I had some mixed feelings while reading this book.  At 897 pages, it’s a hugely ambitious project – indeed sometimes Rutherfurd casts his net far wider than Sarum itself, following some of Salisbury’s sons in the American Revolution or at D-Day.  But high ambition alone does not ensure quality.  Certainly it is an achievement in itself simply to tell such an epic tale.  But the proof is in the telling itself.  And here the prose is, at times, purple at best and clunky and awkward at worst.  Some sentences are as in danger of toppling as Salisbury Cathedral’s spire, so packed are they with meandering clauses.  Further, the book is astonishingly riddled with comma misuse – I found one egregious comma error literally at least every four pages, which raises the question of whether the book was proofread at all.  Finally, there is Rutherfurd’s authorial style, which is preachy and intrusive, especially in the early chapters, where he feels the need to step into his fictional world and explain in sometimes lengthy paragraphs the science or geography behind what a character was doing, as if to assure the readers that he’d done his research before popping back behind the curtain again.  Or he might begin a section under the rubric with, for example, 1244, only to state a few paragraphs in that in order to really pick up at that point, “we must first go back a little.”  Then why did he begin in 1244?  Why not just tell the thread of the story from that earlier point, or have the characters refer to the slow changes that came before? These anachronistic authorial intrusions would have worked better, if he really had to have them, as endnotes to each chapter, rather than breaking the narrative so jarringly.  On the positive side, the way he charts the evolution of Sarum’s economy, for example, is astounding and commendable.  But what really makes the book work is the human adventure: each time he dips into a past era, there is a poignant or dramatic or thrilling vignette, a short story involving one of his five families, that underscores the vicissitudes of fate and the indomitable spark that keeps humanity going through the fortunes and failures that time brings.  With a heavy-handed, level-headed editor, this could have been a brilliant book.  As it is, it’s an impressive curiosity.  It was a chore to read at times, but I’m not sorry I read it all.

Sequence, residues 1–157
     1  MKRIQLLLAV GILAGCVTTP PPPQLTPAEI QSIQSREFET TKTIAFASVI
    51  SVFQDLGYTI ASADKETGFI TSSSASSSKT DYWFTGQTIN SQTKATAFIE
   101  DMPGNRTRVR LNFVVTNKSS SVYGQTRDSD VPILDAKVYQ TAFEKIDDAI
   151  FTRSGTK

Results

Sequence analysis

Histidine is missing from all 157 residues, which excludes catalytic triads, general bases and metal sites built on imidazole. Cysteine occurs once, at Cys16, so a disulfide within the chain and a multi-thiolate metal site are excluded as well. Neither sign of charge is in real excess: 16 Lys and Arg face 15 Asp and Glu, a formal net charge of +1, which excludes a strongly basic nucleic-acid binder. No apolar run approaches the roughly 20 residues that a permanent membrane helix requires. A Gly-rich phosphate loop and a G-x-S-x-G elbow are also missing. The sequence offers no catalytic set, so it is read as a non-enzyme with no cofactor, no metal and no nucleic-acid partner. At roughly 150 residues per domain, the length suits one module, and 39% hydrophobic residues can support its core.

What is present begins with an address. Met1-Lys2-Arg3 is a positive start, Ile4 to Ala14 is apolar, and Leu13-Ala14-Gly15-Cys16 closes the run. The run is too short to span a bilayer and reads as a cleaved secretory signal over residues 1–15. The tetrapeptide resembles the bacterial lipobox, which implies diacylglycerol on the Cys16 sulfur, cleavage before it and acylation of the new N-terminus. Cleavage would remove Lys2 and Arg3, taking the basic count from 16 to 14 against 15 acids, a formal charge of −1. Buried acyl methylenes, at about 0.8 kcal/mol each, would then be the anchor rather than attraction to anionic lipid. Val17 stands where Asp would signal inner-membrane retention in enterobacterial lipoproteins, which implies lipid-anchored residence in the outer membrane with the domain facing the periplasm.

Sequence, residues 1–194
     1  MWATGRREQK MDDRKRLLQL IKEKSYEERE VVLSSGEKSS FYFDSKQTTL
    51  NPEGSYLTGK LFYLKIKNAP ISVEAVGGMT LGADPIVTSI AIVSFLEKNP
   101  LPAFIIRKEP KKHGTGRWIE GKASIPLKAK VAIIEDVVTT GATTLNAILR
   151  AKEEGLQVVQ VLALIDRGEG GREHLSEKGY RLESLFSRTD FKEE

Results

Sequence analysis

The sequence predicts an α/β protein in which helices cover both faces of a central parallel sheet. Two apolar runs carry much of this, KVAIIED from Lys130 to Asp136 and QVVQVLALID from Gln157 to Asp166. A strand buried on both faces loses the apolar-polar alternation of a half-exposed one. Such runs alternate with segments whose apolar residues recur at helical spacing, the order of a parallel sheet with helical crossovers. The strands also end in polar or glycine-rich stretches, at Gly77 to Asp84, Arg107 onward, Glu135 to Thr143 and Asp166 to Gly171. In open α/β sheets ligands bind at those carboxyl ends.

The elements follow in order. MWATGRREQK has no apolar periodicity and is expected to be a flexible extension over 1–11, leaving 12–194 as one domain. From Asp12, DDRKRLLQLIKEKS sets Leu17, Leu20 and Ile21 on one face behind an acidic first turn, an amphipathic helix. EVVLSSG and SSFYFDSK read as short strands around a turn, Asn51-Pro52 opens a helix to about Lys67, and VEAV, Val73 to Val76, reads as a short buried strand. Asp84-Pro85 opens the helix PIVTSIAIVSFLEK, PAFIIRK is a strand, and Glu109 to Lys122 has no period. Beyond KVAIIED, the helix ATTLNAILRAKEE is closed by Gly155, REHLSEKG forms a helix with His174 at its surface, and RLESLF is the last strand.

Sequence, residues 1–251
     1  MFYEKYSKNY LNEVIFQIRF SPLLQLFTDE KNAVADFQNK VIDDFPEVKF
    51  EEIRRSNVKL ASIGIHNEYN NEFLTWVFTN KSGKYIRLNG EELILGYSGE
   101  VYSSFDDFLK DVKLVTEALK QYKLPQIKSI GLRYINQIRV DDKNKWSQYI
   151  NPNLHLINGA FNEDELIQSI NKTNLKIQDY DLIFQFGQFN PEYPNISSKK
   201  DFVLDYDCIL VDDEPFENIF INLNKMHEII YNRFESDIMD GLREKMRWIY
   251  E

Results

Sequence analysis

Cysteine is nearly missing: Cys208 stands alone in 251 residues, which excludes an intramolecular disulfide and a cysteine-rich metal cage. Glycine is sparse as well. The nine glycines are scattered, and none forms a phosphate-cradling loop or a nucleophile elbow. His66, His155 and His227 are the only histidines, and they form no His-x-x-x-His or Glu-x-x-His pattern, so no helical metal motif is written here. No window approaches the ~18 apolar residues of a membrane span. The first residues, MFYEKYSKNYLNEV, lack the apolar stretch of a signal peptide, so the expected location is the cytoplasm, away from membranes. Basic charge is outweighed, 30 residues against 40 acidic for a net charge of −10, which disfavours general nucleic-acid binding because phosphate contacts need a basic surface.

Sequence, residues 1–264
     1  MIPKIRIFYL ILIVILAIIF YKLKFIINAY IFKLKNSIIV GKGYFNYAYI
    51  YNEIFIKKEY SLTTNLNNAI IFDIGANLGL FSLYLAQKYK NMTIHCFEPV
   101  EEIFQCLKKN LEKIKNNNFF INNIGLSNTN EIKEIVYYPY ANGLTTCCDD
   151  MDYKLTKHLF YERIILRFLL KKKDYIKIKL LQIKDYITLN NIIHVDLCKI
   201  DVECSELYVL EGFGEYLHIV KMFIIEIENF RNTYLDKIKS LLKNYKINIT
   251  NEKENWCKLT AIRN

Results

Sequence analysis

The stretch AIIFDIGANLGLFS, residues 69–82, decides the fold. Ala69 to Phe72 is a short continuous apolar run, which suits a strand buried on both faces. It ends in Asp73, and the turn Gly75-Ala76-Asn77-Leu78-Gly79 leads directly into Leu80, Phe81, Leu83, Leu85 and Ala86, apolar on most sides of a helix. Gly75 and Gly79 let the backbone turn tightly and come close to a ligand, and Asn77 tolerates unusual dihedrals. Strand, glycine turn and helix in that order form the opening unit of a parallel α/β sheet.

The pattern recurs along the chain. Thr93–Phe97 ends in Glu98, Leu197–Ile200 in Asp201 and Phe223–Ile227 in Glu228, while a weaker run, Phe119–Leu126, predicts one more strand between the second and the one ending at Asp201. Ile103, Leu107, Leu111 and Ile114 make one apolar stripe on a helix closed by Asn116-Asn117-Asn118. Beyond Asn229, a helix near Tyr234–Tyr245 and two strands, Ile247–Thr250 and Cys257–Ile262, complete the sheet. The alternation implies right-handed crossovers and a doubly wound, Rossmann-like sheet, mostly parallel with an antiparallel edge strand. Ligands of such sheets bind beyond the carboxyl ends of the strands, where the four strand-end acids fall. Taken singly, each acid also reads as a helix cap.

three stars

Friday, June 10, 2011

The Mauritius Command

by Patrick O'Brian

The fourth book in the Aubrey-Maturin series.  Languishing at home on half pay, Jack is unexpectedly given a commission to go as acting Commodore to the Cape of Good Hope, where he will direct a small squadron to take the French-held islands of Mauritius and Reunion.  The captains under Jack’s command are slightly jealous, but they are motivated primarily by their differing natures, whether harsh taskmasters or eager to please and ineffective.  After some easy victories, helped along by Stephen’s psych-op machinations, a particularly bloody battle ensues.  Defeat looms, but Jack’s pure bulldogged determination turns the tide, until the victory and glory is taken from his grasp by one of his own allies.

While I believe that this series really takes off in the next two books, this is a vibrant and thrilling historical novel.  Focusing heavily on the nautical warfare – and its specific, archaic jargon, such that several passages may as well have been in Greek to me – and the rigid manners of the era – a window to the psychology of the culture, as recorded by the ever-perspicacious Stephen, it makes for a rich historical excursion.  It also is a delight in rewarding the careful reader; plot points are made via inferences through a single line of dialogue, rather than tedious filler.  Another very enjoyable and erudite entry. 

four stars